Everyone loves a bit of retail therapy – and the past year has seen the huge rise of a new phenomenon known as ‘doom shopping’. On average, Brits spend £200 a month on shopping – not counting essentials – which is three times higher than the global average.
Digital PR masters Money.co.uk wanted to know which online purchases bring us the most joy, so they did what any of us would do and conducted a Brief Mood Intensity Scale (BMIS) survey on 2,560 shoppers.
Asking respondents to score their emotions before and after making purchases, they revealed that the most joyful thing you can buy when you need a boost is a humble houseplant.
Houseplants received a positive emotion score of 478/500, with moods improving by 67% after making the purchase.
Gaming consoles were a close second with a score of 475/500. Trainers came in third place, with home gym equipment at fifth and exercise clothing at ninth – but there’s no confirmation of whether the true happiness comes from using the items or just ordering them and feeling good about yourself.
One campaign that gained a huge amount of traction this month came from Seabrook crisps, who hopped on a trend that’s been brewing for some months.
Following the success of Cadbury and Goose Island’s Creme Egg beer, the legendary crisp brand swept the nation with its own innovative tipple.
Teaming with Leeds-based Northern Monk brewery, Seabrook crafted beer inspired by two of their classic crisp flavours; a cheese & onion lager and a prawn cocktail gose.
People like beer, people like crisps; what could go wrong? In terms of digital PR, not much.
It might not sound super tasty, but sometimes in digital PR, repulsion is just as satiating as attraction, if not more.
Speaking about the collab, Northern Monk founder Russell Bisset said, “After one of the most challenging periods in recent history, we decided to take this quest into uncharted territory, creating an experience that would make people laugh – or grimace actually – as lockdown lifts.”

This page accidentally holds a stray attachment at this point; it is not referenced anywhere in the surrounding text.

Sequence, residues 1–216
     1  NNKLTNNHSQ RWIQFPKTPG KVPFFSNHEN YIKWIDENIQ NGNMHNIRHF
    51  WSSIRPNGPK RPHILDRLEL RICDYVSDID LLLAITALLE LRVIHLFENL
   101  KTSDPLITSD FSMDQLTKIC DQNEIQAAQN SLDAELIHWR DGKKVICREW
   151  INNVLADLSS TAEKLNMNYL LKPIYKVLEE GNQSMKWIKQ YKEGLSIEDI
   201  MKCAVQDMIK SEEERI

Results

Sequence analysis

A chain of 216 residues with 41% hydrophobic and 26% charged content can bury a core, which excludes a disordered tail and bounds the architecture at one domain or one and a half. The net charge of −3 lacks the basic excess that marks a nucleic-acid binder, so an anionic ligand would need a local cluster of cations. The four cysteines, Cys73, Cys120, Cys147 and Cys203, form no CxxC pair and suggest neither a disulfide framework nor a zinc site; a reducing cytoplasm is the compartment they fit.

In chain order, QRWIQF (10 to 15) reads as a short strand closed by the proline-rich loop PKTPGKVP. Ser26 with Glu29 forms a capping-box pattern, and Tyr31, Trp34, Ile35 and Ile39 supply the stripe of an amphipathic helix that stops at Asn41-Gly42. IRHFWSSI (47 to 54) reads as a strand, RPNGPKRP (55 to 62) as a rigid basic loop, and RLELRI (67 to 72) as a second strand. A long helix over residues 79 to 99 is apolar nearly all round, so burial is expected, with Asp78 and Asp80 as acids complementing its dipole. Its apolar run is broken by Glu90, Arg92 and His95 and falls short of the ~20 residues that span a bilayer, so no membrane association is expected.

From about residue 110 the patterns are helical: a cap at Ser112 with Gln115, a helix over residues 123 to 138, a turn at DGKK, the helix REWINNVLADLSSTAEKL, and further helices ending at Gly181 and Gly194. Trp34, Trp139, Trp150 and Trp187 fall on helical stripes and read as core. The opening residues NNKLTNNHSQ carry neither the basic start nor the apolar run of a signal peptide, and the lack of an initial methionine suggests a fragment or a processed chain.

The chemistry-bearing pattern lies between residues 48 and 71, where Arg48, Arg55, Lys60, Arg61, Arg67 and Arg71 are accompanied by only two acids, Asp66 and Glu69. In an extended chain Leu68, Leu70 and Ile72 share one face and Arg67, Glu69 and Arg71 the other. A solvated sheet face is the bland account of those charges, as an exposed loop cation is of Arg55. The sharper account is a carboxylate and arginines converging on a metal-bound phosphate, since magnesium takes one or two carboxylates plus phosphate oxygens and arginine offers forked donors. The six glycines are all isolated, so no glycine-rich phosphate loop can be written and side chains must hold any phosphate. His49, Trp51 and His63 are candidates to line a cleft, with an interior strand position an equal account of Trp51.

I’m sure there are plenty of people who would love a can of cheese & onion lager, and I’m not here to judge, but it’s safe to assume this campaign is less concerned with getting you buzzed and far more focused on creating a bit of buzz online, which it certainly did.
This wasn’t Northern Monk’s first foray in the beer stunt world – they’ve previously released a roast dinner beer with Aunt Bessie’s and a Bloody Mary porter with Henderson’s Relish. These guys know what they’re up to.
While the Elon Musk tries his luck at comedy this weekend on Saturday Night Live, the rest of us can try our luck at spending his fortune thanks to a brilliant piece of digital PR from LeasingOptions.co.uk.
The car leasing brand launched a new, ever-so-slightly addictive online game, ‘Spending Elon’s Money’; proving that digital PR can indeed be delightful and soul-crushing at the same time.
The game is simple: see how much of the Tesla founder’s incomprehensible $166 billion net worth you can spend in 30 seconds.
You’re given a selection of items you can add to your bill, ranging from a Big Mac, Netflix subscription, and a PS5, all the way up to a private jet and, at the top of the totem, a Falcon 9 rocket launch.
To help us on our quest to bankrupt a billionaire, we’re given the option to purchase 10 or 15 of each item per click. I managed to purchase 2,220 Falcon 9 launches (at $50 million a pop) in 30 seconds, and still had a cosy $55 billion left in the bank. Marvellous.
Interactive games can be a risky business in the digital PR world. These days it can be hard to hold people’s attention for more than a few seconds, which is why many find it easier to go for a static but striking approach.
The team at LeasingOptions could’ve just gotten away with a pretty infographic highlighting Musk’s absurd wealth, but they chose to go the extra mile, and it certainly paid off.
The campaign works because it appeals to the cynic and the wishful daydreamer in equal measures: it’s the Keeping Up with the Kardashians of interactive digital PR campaigns.
While I’m on the topic of disheartening levels of wealth, let’s take a look at an insightful campaign from Mackeeper.com, which this month explored how large tech companies would be if they were countries.
Comparing the net worth of tech giants like Apple, Microsoft and Amazon with the GDP of countries around the world, MacKeeper unveiled some startling results.